Facebook Is Also Tracking What You Don’t Do

It’s kind of obvious at this point that Facebook is storing, packaging, and selling every bit of data you give them while you use their “free service” to connect with your family, friends, and whatever.


I think most people get this and many don’t care. I personally think it’s a very dangerous precedent to allow someone else to profit off your private business, especially since they will continually sell you out to new and interesting ways to exploit you. That cost to my entire future life is not worth the “service” that Facebook offers.

But now it’s really getting interesting. Facebook is leading the study of collecting and analyzing what you don’t do. See, non-actions are actions in the Facebook world, and once they started profiting off your posts they can’t keep that addiction going (and profits up) if you don’t post more and more. You need to feed the beast, there’s lots of shareholders out there.

But now the beast is watching who you don’t reply to, who you don’t friend, where you lurk, how long you stay, and most creepily – what you don’t submit!

If you type into a form text box anywhere on Facebook and don’t hit submit, close your browser, or let it sit there, Facebook has already read it. And they are giving those messages more priority in a creepy “we know what you are really thinking” way.

If you use Facebook to login to other sites, guess what – they aren’t commenting on whether they can track your non-activities on external sites. Since we know they are tracking views and clicks and how it all connects to your ‘social graph’ (your Facebook account), I’m pretty sure they can build that out soon enough.


Also, don’t forget that Facebook’s software is constantly building your political profile, not to mention you other hobbies, interests, and opinions. Police are making arrests through Facebook, employers are running Facebook-based “background checks”, and soon enough you’ll be able to get a full workup of someone’s entire digital profile just by ID’ing them. Straight stalker style. Weird future times, indeed.

My Quick iTunes Radio Review

I gave iTunes Radio a spin for the last couple of days and it’s been pretty decent, as far as mp3 shuffle services go. Since it’s Apple we really don’t know the specifics on it, but to me it works a lot like Jango without ads with more bass. Also, each song played is available in the iTunes store, naturally, so you can purchase an mp3 immediately, or just favorite it in the stream you are building.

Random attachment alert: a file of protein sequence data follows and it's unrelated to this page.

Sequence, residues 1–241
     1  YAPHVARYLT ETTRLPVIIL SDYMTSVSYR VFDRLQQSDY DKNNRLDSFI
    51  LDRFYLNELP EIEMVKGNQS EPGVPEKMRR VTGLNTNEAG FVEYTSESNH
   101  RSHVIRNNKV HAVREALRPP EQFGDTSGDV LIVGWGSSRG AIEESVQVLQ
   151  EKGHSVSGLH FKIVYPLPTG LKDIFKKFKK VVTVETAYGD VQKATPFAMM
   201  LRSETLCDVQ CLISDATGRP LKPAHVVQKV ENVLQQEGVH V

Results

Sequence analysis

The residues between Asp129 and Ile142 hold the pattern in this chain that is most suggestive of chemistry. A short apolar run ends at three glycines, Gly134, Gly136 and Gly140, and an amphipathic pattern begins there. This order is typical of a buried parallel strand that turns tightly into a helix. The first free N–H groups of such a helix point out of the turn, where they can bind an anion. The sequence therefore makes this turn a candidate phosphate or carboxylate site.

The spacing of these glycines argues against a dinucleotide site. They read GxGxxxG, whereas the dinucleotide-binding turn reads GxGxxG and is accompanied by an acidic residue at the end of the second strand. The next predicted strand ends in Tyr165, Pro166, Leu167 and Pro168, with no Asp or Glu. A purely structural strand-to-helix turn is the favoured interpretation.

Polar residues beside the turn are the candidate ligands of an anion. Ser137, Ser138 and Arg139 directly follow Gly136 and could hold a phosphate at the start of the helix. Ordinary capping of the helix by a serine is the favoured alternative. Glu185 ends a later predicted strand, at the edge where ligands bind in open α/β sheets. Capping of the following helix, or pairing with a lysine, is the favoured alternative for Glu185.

It’s ad free, that’s good[I heard my first ad, Macy’s national ad, very musical like FM rock radio style.] It allows you to pick the hits or explore more, so that’s good.

I put it on explore funk, based on funkadelic, and it’s doing a pretty good job keeping me entertained. You can pause or skip songs, but you can’t go back on them (unless you buy them of course).

Everything has album artwork but nothing else in the way of art or lyrics or info. No crossfades or segue logic. Performance as far as skipping and crashing has been flawless. Sound quality is the same 10% crap from Apple.

Overall it’s a nice first attempt but this is a crowded scene and it’s nothing special.  iTunes Radio is still just a shuffle service, but it’s a pretty interesting shuffle through the apple music store.

Better Wait A Bit More – Obamacare website goes down for software fix

If you are waiting to sign up for Obamacare, wait just a bit longer. They are whipping some IT people mercilessly in a windowless server room right about now, and the website should settle down and work properly in the next couple of days.

I know a couple tings about releasing software and web apps and this one is a huge system with even larger demand. But still, I would think they would have poured enough money on it to get tested before October 1. I’m sure there will be some tell-all IT tales published from this massive project.

Our government at work, and I’m not really using that as a slam. No company is big enough to build a web service this large, so it’s interesting watching the feds try.

BTW coverage isn’t set to begin until 1/1/14 and the deadline for that was set to 12/15/13, so this shouldn’t be more than a small bump in the launch.


Imagine if each tiny little block of something was actually a smart object (meaning it has a CPU, input & output), and that these blocks worked as a group to reposition themselves. Sort of like lego’s that build themselves. Cool huh? Real.

Granted these things are not sand sized yet, with some serious miniaturization still needing to take place, but the fun work of the low-level system logic and control design is underway.

The idea is much like a replicator on Star Trek, in that you could provide this system with a 3D item to scan (or a wireframe image of one) and it would send the design to the sandbots. The software in the sandbots would work to position and lock themselves into place, ultimately creating a reasonable facsimile of the object’s shape.

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